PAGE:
Strong drink 'too cheap' to ignore, Scottish government argues
- 2 February 2014
- From the section Scotland
Alcohol as cheap as 20p a unit proves minimum pricing is needed to combat Scotland's relationship with drink, according to the health secretary.
Alex Neil said a week's worth of the "sensible" amount of alcohol could be bought for less than £5.
The Scottish government's controversial policy to set a 50p minimum price per unit is due to be tested at the Court of Session in Edinburgh.
Opponents in the drinks industry believe the plans would be ineffective.
They also argue it could become a barrier to trade around the world.
Mr Neil said: "Each week on average in Scotland, alcohol misuse is responsible for more than 20 deaths and 700 hospital admissions.
"Being able to buy 20 units of alcohol for the change in your pocket is just unacceptable.
"It shows that this kind of high-strength alcohol - the type which does much of the damage - has become far too cheap in Scotland."
The health secretary cited research he said showed it was possible to buy three litres of branded high-strength cider, about 22 units, for £4.50.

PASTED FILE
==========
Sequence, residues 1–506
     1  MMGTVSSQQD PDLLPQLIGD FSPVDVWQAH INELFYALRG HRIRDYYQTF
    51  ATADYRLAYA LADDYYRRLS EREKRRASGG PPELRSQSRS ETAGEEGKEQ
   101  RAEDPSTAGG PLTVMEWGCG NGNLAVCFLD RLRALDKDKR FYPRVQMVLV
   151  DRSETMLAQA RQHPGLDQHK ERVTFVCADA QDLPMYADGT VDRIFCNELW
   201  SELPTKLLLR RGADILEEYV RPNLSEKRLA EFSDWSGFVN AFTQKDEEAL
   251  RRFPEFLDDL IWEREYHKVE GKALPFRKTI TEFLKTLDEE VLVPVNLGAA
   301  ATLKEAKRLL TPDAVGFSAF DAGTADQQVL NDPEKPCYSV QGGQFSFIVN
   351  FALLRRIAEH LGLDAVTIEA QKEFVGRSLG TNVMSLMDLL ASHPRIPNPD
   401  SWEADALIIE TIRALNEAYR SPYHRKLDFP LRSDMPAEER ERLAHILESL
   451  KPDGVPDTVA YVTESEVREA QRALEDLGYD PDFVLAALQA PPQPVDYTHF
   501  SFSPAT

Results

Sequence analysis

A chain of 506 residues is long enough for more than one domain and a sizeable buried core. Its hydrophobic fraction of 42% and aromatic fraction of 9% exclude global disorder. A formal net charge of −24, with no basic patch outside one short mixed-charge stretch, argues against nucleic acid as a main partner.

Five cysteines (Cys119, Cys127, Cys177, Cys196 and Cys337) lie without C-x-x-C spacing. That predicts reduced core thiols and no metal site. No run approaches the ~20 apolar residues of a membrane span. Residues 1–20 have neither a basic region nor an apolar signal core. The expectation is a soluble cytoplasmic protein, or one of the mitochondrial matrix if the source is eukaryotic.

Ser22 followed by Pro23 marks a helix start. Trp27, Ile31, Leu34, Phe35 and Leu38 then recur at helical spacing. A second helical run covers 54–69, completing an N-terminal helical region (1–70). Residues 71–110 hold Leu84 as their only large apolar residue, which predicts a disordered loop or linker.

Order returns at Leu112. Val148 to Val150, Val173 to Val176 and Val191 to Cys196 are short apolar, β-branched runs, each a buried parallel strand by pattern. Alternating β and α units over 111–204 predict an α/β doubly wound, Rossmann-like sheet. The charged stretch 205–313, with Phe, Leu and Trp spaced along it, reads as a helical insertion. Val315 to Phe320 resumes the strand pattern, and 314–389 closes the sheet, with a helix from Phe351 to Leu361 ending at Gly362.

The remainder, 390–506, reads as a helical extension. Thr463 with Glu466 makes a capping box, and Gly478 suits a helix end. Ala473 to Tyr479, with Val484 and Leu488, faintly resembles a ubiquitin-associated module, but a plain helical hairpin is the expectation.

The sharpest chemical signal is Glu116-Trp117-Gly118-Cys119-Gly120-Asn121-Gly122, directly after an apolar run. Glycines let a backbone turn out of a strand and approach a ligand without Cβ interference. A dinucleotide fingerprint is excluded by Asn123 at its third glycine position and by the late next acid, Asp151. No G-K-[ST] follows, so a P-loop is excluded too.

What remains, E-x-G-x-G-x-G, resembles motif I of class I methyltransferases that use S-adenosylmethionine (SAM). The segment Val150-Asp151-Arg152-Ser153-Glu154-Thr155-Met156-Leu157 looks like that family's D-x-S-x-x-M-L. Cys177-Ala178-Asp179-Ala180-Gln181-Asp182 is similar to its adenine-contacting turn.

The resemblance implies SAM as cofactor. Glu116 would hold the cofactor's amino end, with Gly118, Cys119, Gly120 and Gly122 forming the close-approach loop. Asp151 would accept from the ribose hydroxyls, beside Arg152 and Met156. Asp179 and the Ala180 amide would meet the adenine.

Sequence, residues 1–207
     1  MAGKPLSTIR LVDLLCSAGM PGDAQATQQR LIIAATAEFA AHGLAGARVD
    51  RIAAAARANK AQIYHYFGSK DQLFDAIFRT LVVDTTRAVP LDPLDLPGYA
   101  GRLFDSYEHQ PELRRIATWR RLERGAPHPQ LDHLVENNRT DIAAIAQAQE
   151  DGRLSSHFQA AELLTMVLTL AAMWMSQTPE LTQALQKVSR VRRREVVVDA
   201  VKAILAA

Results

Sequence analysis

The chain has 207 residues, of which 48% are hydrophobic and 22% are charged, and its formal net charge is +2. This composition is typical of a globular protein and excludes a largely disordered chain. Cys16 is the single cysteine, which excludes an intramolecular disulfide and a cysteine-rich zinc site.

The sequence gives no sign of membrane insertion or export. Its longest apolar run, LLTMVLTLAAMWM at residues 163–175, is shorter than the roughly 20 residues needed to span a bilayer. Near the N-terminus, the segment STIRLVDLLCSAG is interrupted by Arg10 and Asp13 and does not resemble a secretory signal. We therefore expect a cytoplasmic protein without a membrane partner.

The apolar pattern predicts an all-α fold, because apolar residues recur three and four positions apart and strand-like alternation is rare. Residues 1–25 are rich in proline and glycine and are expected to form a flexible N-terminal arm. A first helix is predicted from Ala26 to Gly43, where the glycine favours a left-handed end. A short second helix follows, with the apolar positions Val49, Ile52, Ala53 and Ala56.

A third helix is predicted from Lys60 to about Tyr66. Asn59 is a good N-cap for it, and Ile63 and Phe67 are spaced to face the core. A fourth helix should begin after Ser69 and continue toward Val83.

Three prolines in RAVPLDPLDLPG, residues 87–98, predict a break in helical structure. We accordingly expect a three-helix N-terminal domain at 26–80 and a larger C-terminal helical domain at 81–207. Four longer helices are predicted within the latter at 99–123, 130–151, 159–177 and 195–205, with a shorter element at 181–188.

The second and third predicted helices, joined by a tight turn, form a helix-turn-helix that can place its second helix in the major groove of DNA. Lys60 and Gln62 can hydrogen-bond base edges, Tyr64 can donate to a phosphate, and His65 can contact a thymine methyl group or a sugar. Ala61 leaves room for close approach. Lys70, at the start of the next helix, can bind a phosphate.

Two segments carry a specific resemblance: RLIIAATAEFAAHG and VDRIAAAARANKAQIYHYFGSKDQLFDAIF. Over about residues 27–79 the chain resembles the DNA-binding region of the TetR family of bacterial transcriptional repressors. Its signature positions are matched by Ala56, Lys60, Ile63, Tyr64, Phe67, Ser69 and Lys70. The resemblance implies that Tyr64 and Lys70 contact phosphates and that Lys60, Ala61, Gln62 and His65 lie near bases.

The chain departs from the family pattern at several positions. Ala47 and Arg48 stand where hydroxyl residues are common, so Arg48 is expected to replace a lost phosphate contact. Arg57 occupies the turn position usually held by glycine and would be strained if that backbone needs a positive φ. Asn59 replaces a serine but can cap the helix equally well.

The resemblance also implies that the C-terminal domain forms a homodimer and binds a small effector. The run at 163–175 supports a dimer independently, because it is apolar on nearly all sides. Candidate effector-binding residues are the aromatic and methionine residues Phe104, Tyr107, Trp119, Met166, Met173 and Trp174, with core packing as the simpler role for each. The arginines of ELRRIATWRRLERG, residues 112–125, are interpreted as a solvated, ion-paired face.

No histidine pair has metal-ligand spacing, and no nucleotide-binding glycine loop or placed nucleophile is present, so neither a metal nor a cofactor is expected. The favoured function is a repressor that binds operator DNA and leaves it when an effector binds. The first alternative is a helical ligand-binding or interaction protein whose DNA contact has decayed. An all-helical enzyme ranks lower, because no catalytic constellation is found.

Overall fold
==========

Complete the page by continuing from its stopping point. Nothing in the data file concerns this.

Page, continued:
It also suggests 12 cans of lager - at 21 units - are being sold for £8, while 26 units of supermarket brand vodka is available for less than £11.
A legal challenge from the Scotch Whisky Association (SWA) to the introduction of a minimum price for alcohol in Scotland was rejected in May last year.
The association appealed against that judgment, and the issue is due to return to court this week.
Rosemary Gallagher, of the SWA, said: "Minimum unit pricing is an unfair and untargeted policy that penalises responsible drinkers, especially those on lower incomes.
"It impacts poorer people in society and will have little effect on the highest earners who make up the majority of hazardous and harmful drinkers."
She said that while affordability may have risen, alcohol-related harms and deaths have been falling in Scotland in recent years.
The UK government has shelved plans to introduce a minimum price for a unit of alcohol in England and Wales.
Prime Minister David Cameron cited concerns over evidence it would work and possible legal challenges.